New National Energy Guarantee Leaves WA Paying to Clean Up Eastern States MessFriday 27 Apr 2018
Federal Energy Minister Josh Frydenberg hosted a COAG meeting with his state counterparts last week to sell them on the National Energy Guarantee.
Mr Frydenberg says the NEG is an “opportunity that can’t be missed” to fix the National Electricity Market and provide more reliable power for the eastern states. He’s also been eager to claim the scheme is the first opportunity in more than a decade to integrate energy and climate policy properly.
"The guarantee is our chance to secure a lasting consensus and, in the words of the ESB [Energy Security Board] 'resolve 15 years of energy and climate policy instability'. In the process, it will get the market working again for consumers, drive electricity prices down, reliability up and help us meet our international emissions targets," said Mr Frydenberg earlier in the week.
The need for such a dramatic intervention to keep the lights on in the eastern states is indicative of just how bad things have become. Privatisation has seen profit-driven corporations fail to invest properly into state power systems, leaving them unable to provide a reliable supply and creating uncertainty for households, business, and industry.
WA and the Northern Territory sit outside of the National Energy Market. That’s largely a function of geography, but it’s allowed us to avoid many of the reliability issues we’ve seen in recent years, such as the 2016 blackout that plunged all of South Australia into darkness. By running our own system and keeping it in public hands, WA has benefitted from stable, reliable power.
Still, in many respects, this initiative is a positive step in the right direction. Seeing the Federal Government step in and attempt to resolve the myriad of issues facing our eastern counterparts is a long-overdue response to the failures of privatisation. After years of inaction on emissions targets, a coordinated approach between the various state and federal governments is also a welcome development.
But as always with any policy with national implications, the devil is in the details. And the big problem for WA is that there’s been very few details about how this will affect our state.
Both Energy Minister Ben Wyatt and Mines and Petroleum Minister Bill Johnston have immediately pointed out a key issue with the NEG’s emission policy. From the details that have been reported last week, the policy would ensure that Australia would meet its commitment to reduce emissions at least 26 per cent by 2030 compared with 2005 levels.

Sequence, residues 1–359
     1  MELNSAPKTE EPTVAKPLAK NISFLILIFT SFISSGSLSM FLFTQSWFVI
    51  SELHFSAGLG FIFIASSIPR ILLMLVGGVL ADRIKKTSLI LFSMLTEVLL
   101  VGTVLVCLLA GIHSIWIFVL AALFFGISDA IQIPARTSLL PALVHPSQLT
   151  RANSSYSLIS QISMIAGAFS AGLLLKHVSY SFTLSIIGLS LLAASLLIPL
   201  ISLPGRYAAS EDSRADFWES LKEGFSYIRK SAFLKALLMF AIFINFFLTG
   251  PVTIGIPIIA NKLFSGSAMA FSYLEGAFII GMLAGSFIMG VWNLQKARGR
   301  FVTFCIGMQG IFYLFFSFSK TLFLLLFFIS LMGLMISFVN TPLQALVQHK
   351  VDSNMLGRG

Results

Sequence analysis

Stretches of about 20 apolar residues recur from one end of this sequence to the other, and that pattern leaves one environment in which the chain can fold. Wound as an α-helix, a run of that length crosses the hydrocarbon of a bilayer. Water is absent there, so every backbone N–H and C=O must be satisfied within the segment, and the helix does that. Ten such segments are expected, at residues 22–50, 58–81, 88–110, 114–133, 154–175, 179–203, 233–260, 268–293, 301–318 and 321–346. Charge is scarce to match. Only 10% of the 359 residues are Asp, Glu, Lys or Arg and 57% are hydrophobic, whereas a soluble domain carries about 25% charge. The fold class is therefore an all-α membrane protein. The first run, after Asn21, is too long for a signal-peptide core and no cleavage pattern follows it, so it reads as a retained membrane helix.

But the NEG proposes that the target for the electricity sector to deliver carbon emission cuts should also be 26 per cent, essentially ‘par’ or a pro rata contribution.
Electricity generation remains the largest source of emissions in Australia. It’s also a sector with a wide variety of options to reduce carbon emissions. Not every industry has those options.
Furthermore, data on renewables by Green Energy Markets indicates that the capacity of renewable projects already under construction already exceeds what is required to achieve the 26 per cent cut by 2030 – meaning the electricity sector’s target has already been exceeded before the policy has even been introduced.
Ben Wyatt has pointed out that means the federal government will look to other sectors ‘‘to do the heavy lifting’’ on emissions.
Attempting to cut emissions in many other sectors is significantly more costly and difficult to achieve with current technology. For example, it’s almost impossible to find an economically viable way to reduce agricultural emissions by 26 per cent.
If other sectors like agriculture and transport can’t make their pro rata contribution, and the electrical system is locked into providing a minimum contribution, that leaves the burden of making up the difference concentrated in a few industries. Namely, the mining and industrial sectors.
Which means that WA, Australia’s largest mining state, would be left footing the bill to provide the extra emissions reductions. Essentially, we’ll be paying the cost so that the privatised power systems of the eastern states can have a free ride.
With our economy still doing it tough post-mining boom and still no resolution to our woeful share of GST in sight, this would be a grossly unfair and unjustifiable gut-punch for WA. It’s going to take some fairly big policy moves to even start to fix the problems with the eastern states power system. But there’s no world where WA should be left paying the bill for a problem it had no part in creating.